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Here's the Solution for the Box Fort Municipal Code-Breaking Delinquent
Image source: Facebook

Here's the Solution for the Box Fort Municipal Code-Breaking Delinquent

We can't ignore a problem and expect it to go away. We must take action to bring back common sense.

How many times have you read a story in the news about something so ridiculous that you just knew it couldn’t be true or that it must have taken place inside a very liberal blue state?

You know the type of story I’m talking about. The one in which the governor of your state threatens to fine you through executive order if you take a shower longer than he thinks you should. I know what you’re thinking. You’re thinking, you either made that story up or you live in California.

Perhaps that is how those in Utah felt when they heard about the cute little boy’s cardboard box fort in their state. No longer was the “craziness” confined to their California neighbor to the west but it actually happened to them.

Image source: Facebook 

Apparently, in our current state of upside down becomes right side up, a 3-year-old boy named Max has become the next major offender or perhaps his father Jeremy Trentelman is the real culprit of a municipal code violation.

Wanting to have fun with his family, Trentelman had the audacity to build a major box fort for his children out of cardboard boxes and place it on his front lawn.

Maybe it was the fact that Trentelman made a “fort” that some in our upside down world could consider “racist,” that really got the City of Ogden’s enforcement unit all in an uproar.

[sharequote align="center"]While some municipal codes are necessary, some surely are used to harass or to control its citizens.[/sharequote]

Trentelman was issued a notification by code enforcement officer Gordon Sant informing him that he was in violation of Ogden City’s code 12-4-2: "Waste Materials or Junk; prohibited on premises. The prohibition includes junk or salvage material, litter and/or any abandoned or inoperable vehicle. The notification stated that the family had 15 days to get the boxes off the lawn or they could be charged $125 with the first violation if no compliance and with fees and legal actions proceeding thereafter."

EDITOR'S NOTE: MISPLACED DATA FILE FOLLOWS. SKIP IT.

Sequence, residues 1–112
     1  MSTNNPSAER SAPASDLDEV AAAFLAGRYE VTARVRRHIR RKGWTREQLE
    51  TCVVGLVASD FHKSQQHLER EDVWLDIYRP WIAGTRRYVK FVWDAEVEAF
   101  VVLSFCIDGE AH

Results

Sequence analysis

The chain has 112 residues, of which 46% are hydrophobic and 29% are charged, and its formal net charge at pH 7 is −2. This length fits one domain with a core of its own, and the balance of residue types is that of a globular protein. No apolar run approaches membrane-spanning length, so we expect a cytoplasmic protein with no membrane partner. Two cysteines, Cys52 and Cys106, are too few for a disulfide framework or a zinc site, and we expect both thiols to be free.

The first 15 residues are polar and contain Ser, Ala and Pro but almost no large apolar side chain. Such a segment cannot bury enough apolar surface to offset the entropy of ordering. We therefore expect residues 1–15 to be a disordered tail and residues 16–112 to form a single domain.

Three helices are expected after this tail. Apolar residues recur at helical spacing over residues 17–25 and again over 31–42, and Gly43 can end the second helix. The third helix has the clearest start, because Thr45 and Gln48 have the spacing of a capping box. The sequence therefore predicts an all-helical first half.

Arguably, the city may have a point. After all, it’s possible that the cardboard boxes could have wheels affixed to them at some point rendering them an inoperable vehicle, right? Don’t think that someone somewhere couldn’t come up with that in the times in which we find ourselves today.

Who could forget the many stories in the recent past in which children’s parents were arrested and forced to perform community service because their children were allowed to use sidewalk chalk, the kind that you may have used as a child before the world turned upside down?

Image source: KATU-TV 

What about those “heinous” offenders who tried to get away with selling lemonade in Georgia so that they could pay for a ticket to a waterpark? Who cares that they were minors? Shouldn’t they have had to pay the $50 required to get a business and food permit? What’s wrong with kids these days?

Nothing so absurd could happen in your state. So, why worry, right?

Anyway, getting back to our 3-year-old municipal code breaker and his dad who contributes to his delinquency, I believe I have a solution that is sure to teach a lesson.

While some municipal codes are necessary, some surely are used to harass or to control its citizens.

While no one wants to see an old abandoned car or other eyesore permanently or for an extended period of time sitting on someone’s lawn, we need to draw the line somewhere using common sense and reason.

So, here is what I propose. At the end of the 14th day, Trentelman should, with his neighbor’s permission, move the fort to his neighbor’s front yard. In this way, Trentelman and his family would no longer be in violation of any municipal codes.

Then, at the end of 14 days, the neighbor who now has the box fort on their lawn, should once again with their neighbor’s permission, move the box to that adjacent neighbor’s front lawn.

This should be repeated every 14 days throughout the neighborhood. Once permission is received, the boxes should be moved to the new neighbor’s front lawn for an additional 14 days.

When the box fort needs replacing because of everyday wear and tear or because it has been damaged by the weather, a new box should be built and the cycle should be repeated for as long as necessary to get the point across.

In doing this, a message will be sent loud and clear, not to the Trentelman household, but to any city that wants to issue unreasonable citations.

We must reverse this "upside down is right side up" trend or the next thing you know, you’ll have the governor of your state standing next to you in the shower.

TheBlaze contributor channel supports an open discourse on a range of views. The opinions expressed in this channel are solely those of each individual author.

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